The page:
Not every child can be the next all-star linebacker, and that’s a good thing. Some children either have limited physical ability, are sensitive, or just prefer to do things alone. Sometimes your child has from a behavioural or physiological disorder such as autism or aspergers, and you’d like to help get them active doing a positive activity of some sort, but you’re not sure what.
This list goes into the best sports you can possibly encourage your child to play, without expecting too much from them in terms of stress or performance. They are simple activities designed for fun, and bonding time with your child.
If your child is disabled physically, trying to find a sport they enjoy that has had efforts to make it compatible with your child’s difficulty is worth researching. There’s a reason that the paralympics exist, and it’s arguably more exciting and emotionally investing than the regular olympics. You, as always, know your child’s situation the best though, so apply what you believe is necessary in their situation.
Without further ado:
Chess, or checkers, is a great way to intellectually stimulate a child. Largely considered one of the greatest games ever created, chess is a favorite pastime of presidents, intellectuals and eminent thinkers. Just because your child has difficulty performing well on a field doesn’t mean they can’t be the next chess grandmaster. It’s all in the mind. Chess also teaches your child the values of patience, thinking ahead, and reading a situation, which are all qualities immensely beneficial in their development.
Fishing is a beautiful, patient sport that will help your child get out in nature. One of the beauties of it is that very little physical activity is involved, instead reading the tension of the line, and observing your surroundings are the activities that are encouraged. This is a good way to spend time with your child, because it gives them time to reflect and spend time aside from the challenges they face day-to-day. Just make sure that you keep an eye on them at all times. Check out Lance Fishing: https://lancefisherfishing.com to learn the best habits and practises that your child can adopt when starting out on his or her fishing career.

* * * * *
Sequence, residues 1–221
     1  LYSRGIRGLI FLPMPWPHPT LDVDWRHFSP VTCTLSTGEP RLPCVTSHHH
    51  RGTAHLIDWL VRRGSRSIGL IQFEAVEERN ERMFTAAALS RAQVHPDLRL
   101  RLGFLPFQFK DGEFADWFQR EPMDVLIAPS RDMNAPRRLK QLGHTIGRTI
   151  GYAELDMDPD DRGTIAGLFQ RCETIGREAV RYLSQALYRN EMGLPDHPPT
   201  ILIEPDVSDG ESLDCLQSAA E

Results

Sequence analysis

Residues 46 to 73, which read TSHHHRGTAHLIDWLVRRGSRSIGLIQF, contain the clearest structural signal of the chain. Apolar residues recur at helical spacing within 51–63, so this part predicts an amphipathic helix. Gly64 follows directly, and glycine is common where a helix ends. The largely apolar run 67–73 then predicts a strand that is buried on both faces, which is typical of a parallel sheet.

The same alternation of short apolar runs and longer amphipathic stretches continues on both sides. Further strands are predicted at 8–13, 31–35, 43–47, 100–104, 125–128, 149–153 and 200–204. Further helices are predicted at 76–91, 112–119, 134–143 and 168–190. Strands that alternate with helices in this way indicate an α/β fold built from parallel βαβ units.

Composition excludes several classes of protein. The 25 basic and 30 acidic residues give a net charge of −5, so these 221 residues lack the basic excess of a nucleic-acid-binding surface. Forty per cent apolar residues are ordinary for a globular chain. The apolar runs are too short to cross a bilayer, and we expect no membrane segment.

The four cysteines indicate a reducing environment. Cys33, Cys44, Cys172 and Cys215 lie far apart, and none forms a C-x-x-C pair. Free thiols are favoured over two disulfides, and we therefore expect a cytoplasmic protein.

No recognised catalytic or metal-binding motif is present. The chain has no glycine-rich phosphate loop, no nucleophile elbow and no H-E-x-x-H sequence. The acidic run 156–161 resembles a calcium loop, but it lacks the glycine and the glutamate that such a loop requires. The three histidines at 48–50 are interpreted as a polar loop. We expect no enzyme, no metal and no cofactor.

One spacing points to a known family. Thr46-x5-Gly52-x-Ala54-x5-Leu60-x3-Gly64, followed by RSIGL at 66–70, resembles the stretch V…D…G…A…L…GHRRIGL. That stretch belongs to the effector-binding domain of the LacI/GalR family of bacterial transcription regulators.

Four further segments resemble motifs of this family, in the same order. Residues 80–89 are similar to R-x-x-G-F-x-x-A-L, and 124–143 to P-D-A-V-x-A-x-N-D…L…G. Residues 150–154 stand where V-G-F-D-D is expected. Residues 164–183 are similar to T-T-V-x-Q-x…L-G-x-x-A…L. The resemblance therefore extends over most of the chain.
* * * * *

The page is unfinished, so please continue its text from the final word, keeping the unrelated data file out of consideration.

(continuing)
Just because your child is wheelchair bound doesn’t mean they’re unable to do physical activity. Wheelchair basketball, volleyball among others exist to help facilitate your child to get the best upper body exercise they can. There’s most likely a league in your area, and a quick check online can prove this. Not only will it be great for your child to get active and confident within a sport, but it will also help them socialize with others who are in wheelchairs, which is always a healthy thing to have happen.
No matter what you choose, be sure that you don’t mistake the sensitivity of your child for an unwillingness to do things, and vice versa. Striking the fine line between gentle or firm encouragement, and being genuinely mindful of their needs falls to you as a parent to decide.